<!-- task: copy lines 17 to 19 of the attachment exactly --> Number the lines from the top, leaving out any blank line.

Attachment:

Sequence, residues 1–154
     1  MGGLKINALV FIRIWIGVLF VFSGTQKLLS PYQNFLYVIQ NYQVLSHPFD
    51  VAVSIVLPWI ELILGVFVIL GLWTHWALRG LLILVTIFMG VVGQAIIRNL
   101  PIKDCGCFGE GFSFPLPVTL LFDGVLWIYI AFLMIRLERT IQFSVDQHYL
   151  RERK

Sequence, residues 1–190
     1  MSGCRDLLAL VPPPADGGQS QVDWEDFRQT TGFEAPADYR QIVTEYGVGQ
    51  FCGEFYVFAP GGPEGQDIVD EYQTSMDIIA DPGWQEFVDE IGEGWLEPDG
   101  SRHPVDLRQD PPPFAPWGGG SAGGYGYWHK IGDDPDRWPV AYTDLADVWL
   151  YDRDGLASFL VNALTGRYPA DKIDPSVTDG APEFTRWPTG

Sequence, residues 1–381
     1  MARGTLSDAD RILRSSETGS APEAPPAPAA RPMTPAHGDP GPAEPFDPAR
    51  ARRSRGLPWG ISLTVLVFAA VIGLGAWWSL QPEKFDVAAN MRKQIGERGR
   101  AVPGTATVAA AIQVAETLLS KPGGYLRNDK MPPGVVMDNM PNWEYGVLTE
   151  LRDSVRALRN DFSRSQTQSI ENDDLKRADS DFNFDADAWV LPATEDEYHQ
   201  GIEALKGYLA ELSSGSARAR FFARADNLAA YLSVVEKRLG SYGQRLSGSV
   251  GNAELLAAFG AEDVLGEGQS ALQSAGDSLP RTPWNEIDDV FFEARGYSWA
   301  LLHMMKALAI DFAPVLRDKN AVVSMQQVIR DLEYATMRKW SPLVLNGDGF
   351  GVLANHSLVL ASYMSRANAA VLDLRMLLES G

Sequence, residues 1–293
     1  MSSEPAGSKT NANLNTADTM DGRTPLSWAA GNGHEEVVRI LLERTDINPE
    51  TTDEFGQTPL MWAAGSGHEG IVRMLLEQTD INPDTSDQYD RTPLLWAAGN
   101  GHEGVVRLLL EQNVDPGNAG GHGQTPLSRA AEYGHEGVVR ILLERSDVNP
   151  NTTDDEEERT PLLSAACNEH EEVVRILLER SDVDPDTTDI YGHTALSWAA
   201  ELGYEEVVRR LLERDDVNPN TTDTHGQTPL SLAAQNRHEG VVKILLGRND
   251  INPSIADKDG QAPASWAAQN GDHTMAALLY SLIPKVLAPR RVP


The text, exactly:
   251  GNAELLAAFG AEDVLGEGQS ALQSAGDSLP RTPWNEIDDV FFEARGYSWA
   301  LLHMMKALAI DFAPVLRDKN AVVSMQQVIR DLEYATMRKW SPLVLNGDGF
   351  GVLANHSLVL ASYMSRANAA VLDLRMLLES G